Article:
Massachusetts Wednesday announced that it has resolved a termination event on the fifth and final Massachusetts Turnpike Authority swap with UBS Securities LLC as counterparty.
The agreement saves the commonwealth from a potential $71 million termination payment on the floating-to-fixed-rate derivative for a notional amount of $207.6 million. The swap was the last remaining MassPike derivative in need of resolution after state officials and UBS reached agreement on four floating-to-fixed-rate swaps in late July, avoiding a possible $190 million payment at that time.
Recent upgrades for MassPike and a new rating from Standard & Poor’s helped cure the termination event with UBS on the swaps. UBS now deems that Standard & Poor’s A-minus rating on the senior MassPike bonds associated with the fifth and final swap affirms a sufficient credit-quality level to prevent termination of the derivative.
“The rating upgrades on the turnpike’s bonds and the positive outcome of our negotiations with UBS are the direct result of transportation reform and the collaborative effort of many, including the governor, the legislature, the Executive Office of Transportation, and MassPike,” Administration and Finance Secretary Jay Gonzalez said in a press release. “I also want to thank deputy treasurer Colin McNaught for his advice and support throughout the negotiations with UBS. Thanks to this collaborative effort, we have secured an agreement that saves the commonwealth and tollpayers hundreds of millions of dollars.”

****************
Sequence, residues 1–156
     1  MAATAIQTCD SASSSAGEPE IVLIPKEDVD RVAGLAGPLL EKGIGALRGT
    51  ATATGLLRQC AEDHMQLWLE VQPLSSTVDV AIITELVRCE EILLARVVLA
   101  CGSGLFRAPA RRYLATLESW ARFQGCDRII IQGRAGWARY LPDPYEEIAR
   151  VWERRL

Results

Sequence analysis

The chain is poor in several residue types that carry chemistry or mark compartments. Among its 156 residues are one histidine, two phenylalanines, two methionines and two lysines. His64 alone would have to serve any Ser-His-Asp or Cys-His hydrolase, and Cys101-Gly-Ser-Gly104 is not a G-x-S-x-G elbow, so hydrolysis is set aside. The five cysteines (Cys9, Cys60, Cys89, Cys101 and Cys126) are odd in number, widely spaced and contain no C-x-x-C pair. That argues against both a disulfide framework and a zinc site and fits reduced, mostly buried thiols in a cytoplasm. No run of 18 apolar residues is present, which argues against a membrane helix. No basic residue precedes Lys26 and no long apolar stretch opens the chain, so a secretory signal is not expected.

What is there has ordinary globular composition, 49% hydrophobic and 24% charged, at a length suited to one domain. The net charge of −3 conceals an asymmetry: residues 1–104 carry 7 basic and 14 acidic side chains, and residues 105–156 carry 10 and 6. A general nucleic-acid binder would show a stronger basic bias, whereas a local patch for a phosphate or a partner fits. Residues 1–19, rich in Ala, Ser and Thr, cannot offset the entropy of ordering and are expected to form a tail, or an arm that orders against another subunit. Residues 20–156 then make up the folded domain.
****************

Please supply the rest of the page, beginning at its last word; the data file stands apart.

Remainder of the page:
In mid-July, the state agreed to direct $100 million each year to debt-service costs on MassPike’s subordinate debt. That action boosted the subordinate credit ratings, with the bonds now carrying a AA rating from Standard & Poor’s. Moody’s Investors Service and Fitch Ratings assign A1 and A ratings to the subordinate bonds, respectively.
On Tuesday, MassPike released a request for qualifications for underwriters. It is considering a potential refinancing on $800 million of fixed-rate senior and subordinate bonds that are attached to the floating-to-fixed-rate UBS swaps. The authority has long said that switching the debt to variable rate would better match the bonds with the derivatives.
On Nov. 1, MassPike will no longer exist. It will become part of a new bonding entity called the Massachusetts Transportation Authority. MassDOT will oversee most surface transportation entities throughout the state, including the commonwealth’s largest public transportation agency, the Massachusetts Bay Transportation Authority.